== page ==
INDUSTRY INDICATORS Folding cartons and corrugated segments will be most af- fected by reductions in packaging materials and sizes of the packages. For example, the move from full-boxes to plastic wrapped trays will reduce the amount of corrugated used. Flexible packaging will move to thinner materials. Label use will be negatively impacted as rigid containers convert to flexible packaging. Various scenarios can play into the future of packaging. Both FTA and PRIMIR believe that the most likely of those is the “extreme retailer influence.” In essence, it is likely that chain stores will take advantage of their size and buying power to keep costs at the lowest possible level. PRIMIR says, “T he best for the least” philosophy pits Wal-Mart, Target, ma- jor grocery chains and national retailers such as Big Lots and Dollar General against one another. In the battle for market share, graphic packaging and innovative structures will be the primary weapons. This could result in: • Frequent graphic changes • A proliferation of SKUs • Greatly expanded private labels • Best practices in printing required across the board • Better graphics and print quality in all sectors From FTA’s perspective, the drive for private label branding, and the increase in SKUs, will mean more test marketing— giving those who specialize in short-run, sample packaging a step up in the market. Printers/converters with the best processes, best equipment, best-trained employees and best supplier network will prevail. Automation will be required to stay competitive and ensure innovations in quality, as well as fast turnaround and consistent short-runs. Bold statements, bright colors and daring designs... FTA notes that consumers gravitate toward and are excited by them. Too little surprise, this trend is continuing to set off quite a chain reaction in the print/packaging world. Today: • Consumer product companies (CPCs), enthralled by complex colors/graphics, insist on their use. • Retailers attest to their impact on sales. • Graphic artists/package designers have been known to salivate over them. • Printing press manufacturers are adding color decks to model after model. • Printers/converters admit to having lost quite a bit of sleep over matching proof to press. FTA members long ago—10+ years—set their sights on overcoming the challenges that bold, bright package require- ments can present. They took to managing color to optimize results and achieve high quality and consistent reproductions from one run to the next. Several of these forward-thinkers partnered with FTA in the development and implementation of Flexographic Image Reproduction Specifications and Toler- ances (FIRST). A decade later, their collective focus remains “how to print,” Profiles are called for; fingerprints requested. Buzz- words, namely “Brand Stewards” and “Brand Color Manage- ment,” are voiced repeatedly. A willingness to communicate, coordinate and cooperate is being expressed. Statistical process control is seen as absolutely critical. The battle cry: “Get things right the first time!” Five top priorities set for the association by its members, list out as follows: printing specifications, operational improve- ments, prepress advancements, training, science behind the process. CPCs most often cite their major needs as: scale and speed, global distribution and material and technology range. Most CPCs tell FTA that they are out to “stay the course.” New designs, quality management and color control, it seems are on everyone’s agenda. New software packages and workflow platforms are being tested. The push is on to establish com- mon ground and universal language among CPC, prepress provider, designer, printer and every other player in the pack- age development chain. CPCs expect consistency and demand print capability that aligns with brand design direction. Premedia—FTA’s new name for prepress--is often seen as the point of project management. One of the world’s largest and most prominent manufacturers does not hesitate to go on record. “ We expect rigorous process control moves to be in place. Colors must match across all suppliers and all substrates. Dot area, delta E and registration are key measures in our evaluation.” Designers chime in and offer thoughts on spot color strate- gies and trends. Common, current-day moves, focus on: minimizing print colors, using expanded color gamut (ECG) printing to achieve larger color palettes, and employing spot colors to maintain consistent brand equity. A call is being sounded to work collaboratively toward cre- ating a standard, true contract proof that includes spot color beyond a mere FPO (for position only) designation. Technical experts now maintain, “The key in using spectral data in the graphic arts is to make sure to include all the variables. One method to utilize is CxF (color exchange format). It represents seamless, worldwide digital communication of all commer- cially significant aspects of color.” Printers are expected to, “Set challenging annual goals that focus on driving out variation and losses. ” One rule applies to every situation, “No surprises—ever!” FTA mem- bers admit that “Tomorrow ’s flexo industry will have unique demands,” Ahead: shorter runs, shorter lead times, offset quality, zero defects, added value, competing technologies, efficiencies and productivity. Printers must keep pace with advances in flexo practices and technology, while demon- strating continuous, measurable improvement. Motivational addresses now delivered at association meetings and events, often contains instructions like, “Audit.” “Analyze.” “Adjust.” “ Optimize processes.” “Document out- Perhaps flexography’s greatest advantage is that it can be used on a wide variety of packaging substrates. Photo: A&P. 18 FLEXO JANUARY 2011 www.flexography.org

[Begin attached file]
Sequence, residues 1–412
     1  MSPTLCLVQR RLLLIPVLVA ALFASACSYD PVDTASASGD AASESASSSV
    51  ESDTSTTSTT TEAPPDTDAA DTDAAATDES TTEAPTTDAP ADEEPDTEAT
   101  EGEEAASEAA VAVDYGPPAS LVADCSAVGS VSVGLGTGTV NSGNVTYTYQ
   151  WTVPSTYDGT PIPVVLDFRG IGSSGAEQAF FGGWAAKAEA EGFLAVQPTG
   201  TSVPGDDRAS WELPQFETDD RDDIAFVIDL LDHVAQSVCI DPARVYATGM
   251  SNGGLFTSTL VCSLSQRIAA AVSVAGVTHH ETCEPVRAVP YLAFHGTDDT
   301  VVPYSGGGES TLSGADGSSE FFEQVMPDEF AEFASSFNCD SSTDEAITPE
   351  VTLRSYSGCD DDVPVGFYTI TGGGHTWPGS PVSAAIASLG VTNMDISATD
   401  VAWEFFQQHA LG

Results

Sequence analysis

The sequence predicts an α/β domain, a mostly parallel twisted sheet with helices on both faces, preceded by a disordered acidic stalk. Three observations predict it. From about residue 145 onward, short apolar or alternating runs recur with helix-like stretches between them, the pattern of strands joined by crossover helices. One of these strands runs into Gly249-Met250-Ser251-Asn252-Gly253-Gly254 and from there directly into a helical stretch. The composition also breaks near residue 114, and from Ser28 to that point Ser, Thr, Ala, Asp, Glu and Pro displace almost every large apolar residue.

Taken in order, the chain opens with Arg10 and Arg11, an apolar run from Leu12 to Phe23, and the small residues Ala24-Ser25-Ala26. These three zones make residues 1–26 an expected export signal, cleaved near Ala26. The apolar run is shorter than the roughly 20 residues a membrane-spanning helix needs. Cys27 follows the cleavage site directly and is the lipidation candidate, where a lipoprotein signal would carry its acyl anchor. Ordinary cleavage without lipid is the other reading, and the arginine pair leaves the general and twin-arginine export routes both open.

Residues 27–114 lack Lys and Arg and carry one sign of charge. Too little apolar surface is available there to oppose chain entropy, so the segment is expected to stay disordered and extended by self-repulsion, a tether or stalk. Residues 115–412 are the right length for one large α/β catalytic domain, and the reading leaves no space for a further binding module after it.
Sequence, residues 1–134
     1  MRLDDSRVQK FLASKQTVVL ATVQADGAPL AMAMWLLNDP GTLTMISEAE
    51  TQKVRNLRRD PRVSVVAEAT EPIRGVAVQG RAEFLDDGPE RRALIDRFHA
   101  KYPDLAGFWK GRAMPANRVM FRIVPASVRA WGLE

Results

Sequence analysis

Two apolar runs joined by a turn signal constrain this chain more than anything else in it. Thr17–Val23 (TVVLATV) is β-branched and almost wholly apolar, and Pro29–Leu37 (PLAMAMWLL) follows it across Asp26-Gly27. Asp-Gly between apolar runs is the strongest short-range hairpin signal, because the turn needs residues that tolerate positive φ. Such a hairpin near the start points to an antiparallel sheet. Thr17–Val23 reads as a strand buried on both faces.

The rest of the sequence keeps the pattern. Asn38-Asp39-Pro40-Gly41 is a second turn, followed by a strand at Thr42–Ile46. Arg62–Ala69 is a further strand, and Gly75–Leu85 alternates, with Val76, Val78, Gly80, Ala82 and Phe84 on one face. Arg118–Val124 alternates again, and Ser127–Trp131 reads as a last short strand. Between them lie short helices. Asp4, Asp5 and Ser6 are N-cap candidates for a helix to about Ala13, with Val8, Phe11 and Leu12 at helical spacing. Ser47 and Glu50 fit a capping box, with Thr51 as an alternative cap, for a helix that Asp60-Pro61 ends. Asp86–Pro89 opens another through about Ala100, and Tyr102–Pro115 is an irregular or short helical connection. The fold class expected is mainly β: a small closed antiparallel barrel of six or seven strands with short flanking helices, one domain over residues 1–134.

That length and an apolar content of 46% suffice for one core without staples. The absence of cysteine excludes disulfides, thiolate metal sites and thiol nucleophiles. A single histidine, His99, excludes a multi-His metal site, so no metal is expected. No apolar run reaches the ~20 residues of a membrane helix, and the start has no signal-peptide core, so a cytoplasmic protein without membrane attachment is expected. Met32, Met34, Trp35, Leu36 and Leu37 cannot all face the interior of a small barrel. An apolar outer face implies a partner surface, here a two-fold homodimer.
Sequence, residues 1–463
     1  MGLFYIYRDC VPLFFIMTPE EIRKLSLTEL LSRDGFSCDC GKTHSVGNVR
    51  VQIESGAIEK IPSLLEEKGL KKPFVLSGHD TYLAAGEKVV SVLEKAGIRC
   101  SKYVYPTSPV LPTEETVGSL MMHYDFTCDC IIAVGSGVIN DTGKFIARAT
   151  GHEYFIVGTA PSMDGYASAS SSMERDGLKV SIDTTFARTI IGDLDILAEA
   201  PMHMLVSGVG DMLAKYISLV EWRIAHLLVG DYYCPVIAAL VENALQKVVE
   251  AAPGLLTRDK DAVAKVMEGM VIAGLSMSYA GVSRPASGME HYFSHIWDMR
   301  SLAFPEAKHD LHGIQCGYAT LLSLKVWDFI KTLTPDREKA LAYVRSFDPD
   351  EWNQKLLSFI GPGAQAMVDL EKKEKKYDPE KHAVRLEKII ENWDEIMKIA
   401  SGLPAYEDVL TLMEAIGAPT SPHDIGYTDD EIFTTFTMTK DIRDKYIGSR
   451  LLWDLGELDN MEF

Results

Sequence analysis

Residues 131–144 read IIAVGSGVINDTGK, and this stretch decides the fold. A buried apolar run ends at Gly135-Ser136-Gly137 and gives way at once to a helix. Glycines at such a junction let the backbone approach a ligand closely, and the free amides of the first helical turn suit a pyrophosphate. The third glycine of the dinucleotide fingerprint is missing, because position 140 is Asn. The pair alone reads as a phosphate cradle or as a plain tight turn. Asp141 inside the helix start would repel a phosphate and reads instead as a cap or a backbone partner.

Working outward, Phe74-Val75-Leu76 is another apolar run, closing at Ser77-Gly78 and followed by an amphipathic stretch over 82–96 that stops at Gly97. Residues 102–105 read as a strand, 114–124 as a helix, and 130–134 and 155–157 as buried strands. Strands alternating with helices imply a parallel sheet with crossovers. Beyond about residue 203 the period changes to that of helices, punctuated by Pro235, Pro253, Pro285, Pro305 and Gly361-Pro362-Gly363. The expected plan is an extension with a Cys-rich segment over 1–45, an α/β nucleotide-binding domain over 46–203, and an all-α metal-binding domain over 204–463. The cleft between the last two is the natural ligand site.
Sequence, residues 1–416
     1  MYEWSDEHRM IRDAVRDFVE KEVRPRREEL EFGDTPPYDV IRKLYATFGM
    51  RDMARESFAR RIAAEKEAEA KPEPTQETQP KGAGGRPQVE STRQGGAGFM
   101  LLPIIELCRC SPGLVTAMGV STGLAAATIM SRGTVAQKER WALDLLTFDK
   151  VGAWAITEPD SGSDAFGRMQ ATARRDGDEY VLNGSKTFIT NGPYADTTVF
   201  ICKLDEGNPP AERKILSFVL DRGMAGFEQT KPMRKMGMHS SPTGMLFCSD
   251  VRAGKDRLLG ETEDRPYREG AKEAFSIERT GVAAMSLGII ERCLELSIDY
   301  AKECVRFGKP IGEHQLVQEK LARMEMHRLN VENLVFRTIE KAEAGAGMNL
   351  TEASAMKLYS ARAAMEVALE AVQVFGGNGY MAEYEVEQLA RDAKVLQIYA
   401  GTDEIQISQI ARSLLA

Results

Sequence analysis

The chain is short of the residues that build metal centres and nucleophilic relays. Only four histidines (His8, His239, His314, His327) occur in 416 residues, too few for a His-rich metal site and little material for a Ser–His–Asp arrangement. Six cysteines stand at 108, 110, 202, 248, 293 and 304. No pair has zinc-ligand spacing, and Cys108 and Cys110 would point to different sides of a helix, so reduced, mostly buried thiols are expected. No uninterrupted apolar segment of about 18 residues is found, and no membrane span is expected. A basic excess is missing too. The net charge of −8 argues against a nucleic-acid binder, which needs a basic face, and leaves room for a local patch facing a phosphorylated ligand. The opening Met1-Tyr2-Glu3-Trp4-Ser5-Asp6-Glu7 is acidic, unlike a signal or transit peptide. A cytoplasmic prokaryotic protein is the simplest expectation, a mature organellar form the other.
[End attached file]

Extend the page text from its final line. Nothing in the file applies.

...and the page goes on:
Sustainable Winter 2011